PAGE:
A bridge over a beautiful waterfall

A bridge over a beautiful waterfall
Nature brings magic

Wednesday, July 31, 2013

Writing Wednesday - Stop fighting about print books and e-books

This was shared by Joelle Casteel on Facebook on Tuesday. She shared it from Elizabeth Marx's page. I shared this as well once I realized that yes, I agreed with this. A book is a book no matter what form it's in. I'll read anything that's given to me in the genres I prefer, and even sometimes outside of my preferred genres.

Books were my best friends when I was growing up. The stories I read inspired me to write my own. I loved telling stories and would tell my little sister stories. I would tell children I babysat stories. Stories were my escape. I read them, I wrote them, I told them. They became my life.

Then I grew up and got a grown up job and had a grown up life. But I still read. I still loved a good story. I preferred reading to being with friends most of the time. So when I had free time, I'd read a lot of it. Don't get me wrong. I did grown up things and went out and had fun with friends too. But most of the time you would find me with a book in my hands.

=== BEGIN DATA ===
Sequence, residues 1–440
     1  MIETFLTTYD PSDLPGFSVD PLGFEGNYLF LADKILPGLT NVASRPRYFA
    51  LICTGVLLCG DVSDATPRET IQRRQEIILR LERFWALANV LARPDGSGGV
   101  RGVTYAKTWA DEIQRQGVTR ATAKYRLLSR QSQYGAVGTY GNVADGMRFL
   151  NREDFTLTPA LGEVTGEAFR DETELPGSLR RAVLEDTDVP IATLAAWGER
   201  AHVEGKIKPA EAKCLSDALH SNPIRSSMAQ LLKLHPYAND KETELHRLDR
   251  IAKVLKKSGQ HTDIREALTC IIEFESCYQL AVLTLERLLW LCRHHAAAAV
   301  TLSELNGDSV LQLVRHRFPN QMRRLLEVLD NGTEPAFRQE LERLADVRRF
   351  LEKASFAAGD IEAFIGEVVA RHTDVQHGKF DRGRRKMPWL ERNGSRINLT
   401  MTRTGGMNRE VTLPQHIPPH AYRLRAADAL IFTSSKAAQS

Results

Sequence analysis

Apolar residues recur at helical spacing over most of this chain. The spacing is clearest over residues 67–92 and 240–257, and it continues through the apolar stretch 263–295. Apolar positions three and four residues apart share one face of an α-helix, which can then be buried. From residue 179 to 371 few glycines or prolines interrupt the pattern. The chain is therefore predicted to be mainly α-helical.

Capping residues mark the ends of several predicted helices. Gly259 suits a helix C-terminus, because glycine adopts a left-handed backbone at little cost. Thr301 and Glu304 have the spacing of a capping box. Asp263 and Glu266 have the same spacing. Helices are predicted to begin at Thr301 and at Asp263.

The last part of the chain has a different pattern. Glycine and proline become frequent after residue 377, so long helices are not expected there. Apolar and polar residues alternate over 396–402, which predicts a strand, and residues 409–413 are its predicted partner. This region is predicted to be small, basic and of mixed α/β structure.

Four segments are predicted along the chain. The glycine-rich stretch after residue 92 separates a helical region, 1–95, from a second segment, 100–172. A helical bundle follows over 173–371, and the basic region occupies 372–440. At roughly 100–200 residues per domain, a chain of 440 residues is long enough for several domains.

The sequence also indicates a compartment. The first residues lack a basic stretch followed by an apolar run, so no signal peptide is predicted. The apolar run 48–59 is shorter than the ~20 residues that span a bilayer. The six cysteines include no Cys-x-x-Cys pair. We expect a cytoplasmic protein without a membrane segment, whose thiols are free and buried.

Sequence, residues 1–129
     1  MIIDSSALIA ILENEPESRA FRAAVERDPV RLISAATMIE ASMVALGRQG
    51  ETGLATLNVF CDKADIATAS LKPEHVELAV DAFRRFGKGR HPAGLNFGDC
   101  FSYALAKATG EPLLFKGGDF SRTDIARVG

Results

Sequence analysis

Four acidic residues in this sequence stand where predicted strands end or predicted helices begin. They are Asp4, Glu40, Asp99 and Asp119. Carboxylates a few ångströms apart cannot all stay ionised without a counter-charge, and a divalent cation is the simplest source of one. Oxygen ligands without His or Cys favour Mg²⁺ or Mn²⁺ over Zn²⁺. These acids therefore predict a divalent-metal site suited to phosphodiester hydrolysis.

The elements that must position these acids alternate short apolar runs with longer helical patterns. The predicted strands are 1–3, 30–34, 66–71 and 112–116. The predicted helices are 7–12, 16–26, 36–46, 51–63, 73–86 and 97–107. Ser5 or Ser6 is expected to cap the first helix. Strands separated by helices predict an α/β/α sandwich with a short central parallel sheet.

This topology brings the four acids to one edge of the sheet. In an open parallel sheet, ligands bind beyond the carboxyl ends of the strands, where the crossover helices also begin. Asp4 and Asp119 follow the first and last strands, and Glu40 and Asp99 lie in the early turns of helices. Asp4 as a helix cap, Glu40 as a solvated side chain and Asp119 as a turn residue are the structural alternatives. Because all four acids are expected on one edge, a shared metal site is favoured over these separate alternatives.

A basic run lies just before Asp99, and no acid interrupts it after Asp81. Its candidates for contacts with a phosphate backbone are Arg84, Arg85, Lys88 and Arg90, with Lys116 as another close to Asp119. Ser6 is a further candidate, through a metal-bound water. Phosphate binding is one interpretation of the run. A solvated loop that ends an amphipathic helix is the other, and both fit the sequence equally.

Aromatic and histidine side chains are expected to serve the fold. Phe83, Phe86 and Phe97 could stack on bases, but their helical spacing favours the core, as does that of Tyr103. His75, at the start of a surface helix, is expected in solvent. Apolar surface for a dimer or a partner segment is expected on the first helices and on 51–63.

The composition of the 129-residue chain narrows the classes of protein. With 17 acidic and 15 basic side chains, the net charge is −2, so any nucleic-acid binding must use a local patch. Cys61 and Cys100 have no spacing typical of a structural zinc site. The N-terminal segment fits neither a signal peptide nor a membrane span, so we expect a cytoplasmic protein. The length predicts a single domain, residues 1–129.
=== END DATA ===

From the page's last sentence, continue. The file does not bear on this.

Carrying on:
Now, it's different. I no longer have a regular job. I get to pursue my writing full time. I'm working towards getting paid to tell my stories. But I still read. I don't have money to buy many books but I can and do download them for free off of Amazon. I've discovered some new writers that way whose books, when I have money to purchase things, will be among the first ones I get because I'm interested in seeing how things are going to play out with their characters.

I used to be one of those who favored printed books over e-books. Now I don't care what form it's in. If it's a good story and I can read it, let me read it. I don't think one is necessarily better than the other. I think it's all a matter of convenience and preference.

Tuesday, July 30, 2013

Tuesday Teaser - A Murder of Crows

Here's a little snippet from the other short story I'm considering for publication.

As Bailey passed by the mouth of an alley, a bright flash of color and light caught her attention. The most beautiful music she’d ever heard filled her mind and lured her out of the sunlight. She was so focused on the light that she didn’t see the raggedy woman lounging in an old refrigerator box.